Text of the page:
Tapping into the underground water table is important, especially when the above ground supply is so limited.
Public leadership in California (as the Governor and many Valley legislators are trying to do) really needs to come to grips with the reality of our need for much more above ground water storage (dams), and get busy building them, starting with the one at Auburn.
Water-shortage fears pump up well-drilling business in Central Valley
By Jim Downing - email@example.com
Published 12:00 am PDT Sunday, March 30, 2008
MADERA – Steve Arthur loves a good drought. But trouble in the Delta serves him just as well.
Arthur, a stocky 48-year-old, runs one of the biggest agricultural well-drilling operations in the state. This year, he has enough orders to launch himself into early retirement.
"Everybody's planning ahead, because they know the water situation's not going to get anything but worse," he said.
A well-drilling boom not seen since California's last big drought in the early 1990s is under way in the San Joaquin Valley, as farmers chasing high crop prices tap the region's vast, largely unregulated groundwater reserves in the face of an increasingly bleak outlook for water from the state's rivers and reservoirs.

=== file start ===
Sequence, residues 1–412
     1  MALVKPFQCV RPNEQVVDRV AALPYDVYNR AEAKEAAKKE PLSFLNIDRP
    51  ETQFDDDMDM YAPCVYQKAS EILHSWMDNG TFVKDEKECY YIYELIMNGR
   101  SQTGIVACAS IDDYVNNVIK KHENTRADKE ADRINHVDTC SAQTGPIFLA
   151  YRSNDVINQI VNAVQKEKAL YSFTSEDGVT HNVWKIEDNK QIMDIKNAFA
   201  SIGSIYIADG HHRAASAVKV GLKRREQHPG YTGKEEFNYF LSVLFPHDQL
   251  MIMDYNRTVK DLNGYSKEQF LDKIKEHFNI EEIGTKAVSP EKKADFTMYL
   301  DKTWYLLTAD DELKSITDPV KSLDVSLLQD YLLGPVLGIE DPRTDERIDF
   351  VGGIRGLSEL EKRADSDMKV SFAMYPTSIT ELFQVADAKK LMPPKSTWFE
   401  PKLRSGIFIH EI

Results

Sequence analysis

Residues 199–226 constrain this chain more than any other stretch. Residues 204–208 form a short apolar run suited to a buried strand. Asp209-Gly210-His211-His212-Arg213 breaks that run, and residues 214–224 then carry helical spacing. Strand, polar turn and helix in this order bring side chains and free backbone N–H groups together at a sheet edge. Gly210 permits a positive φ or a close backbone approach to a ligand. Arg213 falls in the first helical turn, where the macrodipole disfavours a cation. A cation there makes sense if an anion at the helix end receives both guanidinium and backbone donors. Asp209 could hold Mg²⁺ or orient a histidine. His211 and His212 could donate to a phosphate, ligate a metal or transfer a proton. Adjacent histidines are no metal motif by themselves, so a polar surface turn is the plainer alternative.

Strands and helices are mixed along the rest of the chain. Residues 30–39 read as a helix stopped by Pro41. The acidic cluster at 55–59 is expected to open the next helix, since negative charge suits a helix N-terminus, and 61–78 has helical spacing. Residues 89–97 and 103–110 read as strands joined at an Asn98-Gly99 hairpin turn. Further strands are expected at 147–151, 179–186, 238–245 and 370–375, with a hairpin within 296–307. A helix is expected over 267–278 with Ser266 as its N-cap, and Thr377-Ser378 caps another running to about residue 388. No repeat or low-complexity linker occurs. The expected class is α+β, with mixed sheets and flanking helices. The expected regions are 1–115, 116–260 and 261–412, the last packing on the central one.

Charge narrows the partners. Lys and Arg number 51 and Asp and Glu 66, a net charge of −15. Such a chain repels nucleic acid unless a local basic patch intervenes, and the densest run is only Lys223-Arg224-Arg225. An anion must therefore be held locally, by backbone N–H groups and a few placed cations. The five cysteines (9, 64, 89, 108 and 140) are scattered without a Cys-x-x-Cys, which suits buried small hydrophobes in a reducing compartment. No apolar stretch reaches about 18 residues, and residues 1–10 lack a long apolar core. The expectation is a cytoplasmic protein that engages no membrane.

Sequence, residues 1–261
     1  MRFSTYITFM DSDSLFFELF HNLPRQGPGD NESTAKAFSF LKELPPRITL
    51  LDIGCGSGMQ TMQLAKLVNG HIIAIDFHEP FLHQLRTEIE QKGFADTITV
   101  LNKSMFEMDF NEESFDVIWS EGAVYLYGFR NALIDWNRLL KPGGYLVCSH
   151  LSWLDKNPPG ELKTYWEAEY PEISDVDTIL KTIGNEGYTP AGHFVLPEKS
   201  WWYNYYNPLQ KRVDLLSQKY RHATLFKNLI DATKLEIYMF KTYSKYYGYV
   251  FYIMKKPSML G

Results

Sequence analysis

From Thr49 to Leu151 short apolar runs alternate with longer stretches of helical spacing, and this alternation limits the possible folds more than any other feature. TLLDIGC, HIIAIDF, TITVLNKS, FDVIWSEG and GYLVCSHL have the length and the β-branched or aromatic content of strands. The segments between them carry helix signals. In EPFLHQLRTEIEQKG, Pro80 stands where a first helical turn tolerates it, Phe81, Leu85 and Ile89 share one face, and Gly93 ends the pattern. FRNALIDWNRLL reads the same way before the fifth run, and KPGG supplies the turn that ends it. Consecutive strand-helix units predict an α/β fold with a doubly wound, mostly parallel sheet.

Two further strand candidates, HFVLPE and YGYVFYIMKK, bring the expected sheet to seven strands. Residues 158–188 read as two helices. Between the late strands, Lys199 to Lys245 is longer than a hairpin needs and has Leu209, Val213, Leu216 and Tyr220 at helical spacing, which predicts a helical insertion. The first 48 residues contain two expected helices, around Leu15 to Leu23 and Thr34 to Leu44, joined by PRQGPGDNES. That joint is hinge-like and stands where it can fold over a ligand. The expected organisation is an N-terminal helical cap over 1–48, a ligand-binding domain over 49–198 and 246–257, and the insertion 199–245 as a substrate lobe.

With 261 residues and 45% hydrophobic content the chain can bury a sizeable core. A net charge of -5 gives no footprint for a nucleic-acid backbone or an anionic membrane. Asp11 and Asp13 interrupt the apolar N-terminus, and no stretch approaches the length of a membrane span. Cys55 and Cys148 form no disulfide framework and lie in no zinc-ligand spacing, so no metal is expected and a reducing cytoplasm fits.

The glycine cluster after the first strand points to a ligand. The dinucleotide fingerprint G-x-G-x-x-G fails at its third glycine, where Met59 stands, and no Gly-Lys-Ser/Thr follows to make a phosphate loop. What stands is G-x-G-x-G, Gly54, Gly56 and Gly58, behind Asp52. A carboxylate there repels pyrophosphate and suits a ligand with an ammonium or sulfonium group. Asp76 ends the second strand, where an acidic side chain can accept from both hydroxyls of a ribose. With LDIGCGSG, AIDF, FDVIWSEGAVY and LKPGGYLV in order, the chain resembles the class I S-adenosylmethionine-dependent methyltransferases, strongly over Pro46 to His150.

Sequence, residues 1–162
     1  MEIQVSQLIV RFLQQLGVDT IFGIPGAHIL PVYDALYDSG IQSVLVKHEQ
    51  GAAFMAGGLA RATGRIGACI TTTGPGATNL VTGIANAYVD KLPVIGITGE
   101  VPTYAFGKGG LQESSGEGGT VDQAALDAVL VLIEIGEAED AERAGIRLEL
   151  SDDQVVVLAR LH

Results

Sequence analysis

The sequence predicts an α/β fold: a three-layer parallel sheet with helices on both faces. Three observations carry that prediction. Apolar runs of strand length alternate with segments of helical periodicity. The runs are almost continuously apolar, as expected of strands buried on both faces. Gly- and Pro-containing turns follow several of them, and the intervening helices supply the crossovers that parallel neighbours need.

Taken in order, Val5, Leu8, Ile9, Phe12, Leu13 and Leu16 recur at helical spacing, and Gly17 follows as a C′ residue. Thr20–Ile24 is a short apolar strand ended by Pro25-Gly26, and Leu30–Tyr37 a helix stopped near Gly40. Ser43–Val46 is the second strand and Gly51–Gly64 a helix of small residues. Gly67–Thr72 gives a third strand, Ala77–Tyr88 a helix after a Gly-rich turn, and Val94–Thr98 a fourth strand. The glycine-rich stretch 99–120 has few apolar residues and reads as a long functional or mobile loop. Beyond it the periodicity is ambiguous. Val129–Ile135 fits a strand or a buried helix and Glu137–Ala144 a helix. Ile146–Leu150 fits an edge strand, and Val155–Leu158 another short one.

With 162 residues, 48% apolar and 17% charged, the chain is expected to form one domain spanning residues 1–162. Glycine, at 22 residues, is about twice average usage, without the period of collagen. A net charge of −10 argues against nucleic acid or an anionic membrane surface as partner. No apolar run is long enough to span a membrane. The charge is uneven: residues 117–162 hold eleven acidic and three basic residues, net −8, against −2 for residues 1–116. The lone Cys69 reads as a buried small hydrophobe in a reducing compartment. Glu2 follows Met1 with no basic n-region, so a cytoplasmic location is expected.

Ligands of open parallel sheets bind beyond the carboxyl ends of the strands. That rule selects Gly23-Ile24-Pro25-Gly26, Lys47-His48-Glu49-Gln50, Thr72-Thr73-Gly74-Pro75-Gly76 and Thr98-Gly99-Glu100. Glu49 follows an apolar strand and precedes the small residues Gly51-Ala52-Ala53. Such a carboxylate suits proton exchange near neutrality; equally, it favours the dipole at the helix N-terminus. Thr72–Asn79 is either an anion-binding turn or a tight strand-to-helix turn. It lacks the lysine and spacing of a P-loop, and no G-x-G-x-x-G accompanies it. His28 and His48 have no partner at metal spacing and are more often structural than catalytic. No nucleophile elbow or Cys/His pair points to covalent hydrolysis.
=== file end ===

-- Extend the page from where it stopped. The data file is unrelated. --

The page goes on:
"Business is unbelievable," Arthur said on a recent morning in a field soon to be planted with almond trees. Through sunglasses splattered with mud, he watched the hoses on his drill rig buck as they spat water and sand from 700 feet underground.
California's reservoirs will be filling up this spring, thanks to an average winter snowpack. But court-ordered pumping restrictions intended to protect fish populations in the Delta mean that many San Joaquin Valley farmers won't get as much water this year as they would have in the past.
For the years ahead, the forecast only gets drier. The ecological crisis in the Sacramento-San Joaquin Delta shows no signs of abating. A restoration plan for the San Joaquin River has permanently reduced some farmers' water about 15 percent.
Climate change may diminish the Sierra snowpack. And new reservoirs or canals, if any are built, would be years away and might not appreciably increase supplies of farm water.